For the past several years, broadcasters have been concerned about existing music licensing agreements. Our agreements with BMI and ASCAP are based on anti-trust consent decrees that have been issued by the courts. Last year the Department of Justice signaled that it may no longer support maintaining the consent decrees. Eliminating the decrees would dramatically alter music licensing in the United State and could end “blanket music licensing.” It could also lead to fractionalized licenses.
It now seems that the Department of Justice will continue to support the consent decrees that govern BMI and ASCAP. Assistant Attorney General Makan Delrahim stated the DOJ’s views on the future of ASCAP and BMI Consent Decrees:
“The Antitrust Division has considered carefully stakeholders’ views on all of these issues and recognizes that continuing disagreements exist among artists and within the music community regarding the benefits, drawbacks, and continued need for the ASCAP and BMI consent decrees. Continued review of, and stakeholder input concerning, the decrees remains necessary to ensure the decrees continue to satisfy their purpose to protect competition and do not act as an impediment to innovation.”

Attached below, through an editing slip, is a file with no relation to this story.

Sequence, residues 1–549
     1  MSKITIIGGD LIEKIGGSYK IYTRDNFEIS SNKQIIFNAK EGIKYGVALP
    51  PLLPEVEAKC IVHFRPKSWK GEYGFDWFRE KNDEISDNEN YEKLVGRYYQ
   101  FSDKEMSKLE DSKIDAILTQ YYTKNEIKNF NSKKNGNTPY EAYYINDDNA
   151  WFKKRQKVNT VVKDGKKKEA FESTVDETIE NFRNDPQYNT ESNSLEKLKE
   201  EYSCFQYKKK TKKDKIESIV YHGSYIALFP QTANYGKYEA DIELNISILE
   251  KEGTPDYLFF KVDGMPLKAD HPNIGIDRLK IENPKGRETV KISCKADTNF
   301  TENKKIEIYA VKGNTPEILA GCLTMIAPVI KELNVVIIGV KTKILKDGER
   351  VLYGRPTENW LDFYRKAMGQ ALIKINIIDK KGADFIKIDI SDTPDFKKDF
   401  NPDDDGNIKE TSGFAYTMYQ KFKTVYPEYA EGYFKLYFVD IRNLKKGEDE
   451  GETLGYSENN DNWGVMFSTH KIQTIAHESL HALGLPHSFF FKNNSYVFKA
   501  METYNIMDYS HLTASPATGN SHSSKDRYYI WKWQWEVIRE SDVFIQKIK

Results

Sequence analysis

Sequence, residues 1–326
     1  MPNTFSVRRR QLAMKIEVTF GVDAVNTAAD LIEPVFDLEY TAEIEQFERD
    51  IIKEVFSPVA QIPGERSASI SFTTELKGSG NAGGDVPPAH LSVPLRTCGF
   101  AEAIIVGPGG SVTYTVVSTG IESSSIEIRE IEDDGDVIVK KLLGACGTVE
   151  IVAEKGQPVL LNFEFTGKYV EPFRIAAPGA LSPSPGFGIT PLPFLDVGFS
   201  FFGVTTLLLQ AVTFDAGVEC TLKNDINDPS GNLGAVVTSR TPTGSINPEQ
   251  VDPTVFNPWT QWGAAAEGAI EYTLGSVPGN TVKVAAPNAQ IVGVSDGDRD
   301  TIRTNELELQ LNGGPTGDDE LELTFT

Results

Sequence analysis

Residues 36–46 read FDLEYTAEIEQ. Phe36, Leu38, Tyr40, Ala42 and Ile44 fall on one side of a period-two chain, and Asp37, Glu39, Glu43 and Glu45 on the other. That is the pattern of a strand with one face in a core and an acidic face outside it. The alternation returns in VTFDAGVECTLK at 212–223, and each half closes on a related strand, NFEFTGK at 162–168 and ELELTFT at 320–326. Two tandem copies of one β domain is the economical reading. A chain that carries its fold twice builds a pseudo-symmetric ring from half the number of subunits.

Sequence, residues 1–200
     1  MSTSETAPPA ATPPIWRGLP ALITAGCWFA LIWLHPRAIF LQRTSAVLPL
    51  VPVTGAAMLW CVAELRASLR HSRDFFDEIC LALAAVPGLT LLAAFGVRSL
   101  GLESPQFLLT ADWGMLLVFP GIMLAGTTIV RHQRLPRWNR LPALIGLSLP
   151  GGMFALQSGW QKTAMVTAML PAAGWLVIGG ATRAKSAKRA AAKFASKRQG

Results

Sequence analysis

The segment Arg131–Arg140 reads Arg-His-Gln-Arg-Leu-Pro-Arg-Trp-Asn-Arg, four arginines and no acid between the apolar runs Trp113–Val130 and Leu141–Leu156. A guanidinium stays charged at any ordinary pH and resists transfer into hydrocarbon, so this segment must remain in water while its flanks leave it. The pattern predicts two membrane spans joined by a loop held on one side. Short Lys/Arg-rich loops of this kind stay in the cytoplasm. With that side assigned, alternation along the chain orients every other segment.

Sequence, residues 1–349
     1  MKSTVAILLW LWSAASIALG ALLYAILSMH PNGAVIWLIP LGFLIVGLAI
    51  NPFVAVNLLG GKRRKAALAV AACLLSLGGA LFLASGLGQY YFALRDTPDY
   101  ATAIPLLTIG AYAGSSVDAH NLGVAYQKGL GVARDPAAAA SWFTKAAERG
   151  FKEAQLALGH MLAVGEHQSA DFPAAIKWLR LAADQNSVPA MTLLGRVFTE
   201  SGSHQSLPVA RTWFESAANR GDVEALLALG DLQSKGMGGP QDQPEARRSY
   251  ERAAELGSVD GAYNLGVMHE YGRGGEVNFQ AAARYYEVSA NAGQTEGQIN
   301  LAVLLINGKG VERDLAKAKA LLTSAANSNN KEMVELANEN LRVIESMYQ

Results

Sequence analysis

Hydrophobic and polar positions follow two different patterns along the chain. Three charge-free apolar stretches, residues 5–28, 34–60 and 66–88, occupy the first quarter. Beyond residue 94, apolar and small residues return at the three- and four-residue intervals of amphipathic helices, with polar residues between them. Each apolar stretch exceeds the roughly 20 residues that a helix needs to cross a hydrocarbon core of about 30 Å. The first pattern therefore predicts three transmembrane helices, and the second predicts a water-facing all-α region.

While continuing to support the consent decrees, the DOJ is looking at reviewing the decrees every five years:
“The ASCAP and BMI consent decrees should be reviewed every five years, to assess whether the decrees continue to achieve their objective to protect competition and whether modifications to the decrees are appropriate in light of changes in technology and the music industry. Factors that could weigh in favor of modification might include increased competition in the licensing marketplace, including increased direct licensing or technological developments that may affect the market.”
This is an important win for the industry and the NAB. NAB has been a strong supporter of the existing consent decrees.
To see the full statement of U.S. Assistant Attorney General Makan Delrahim click HERE.
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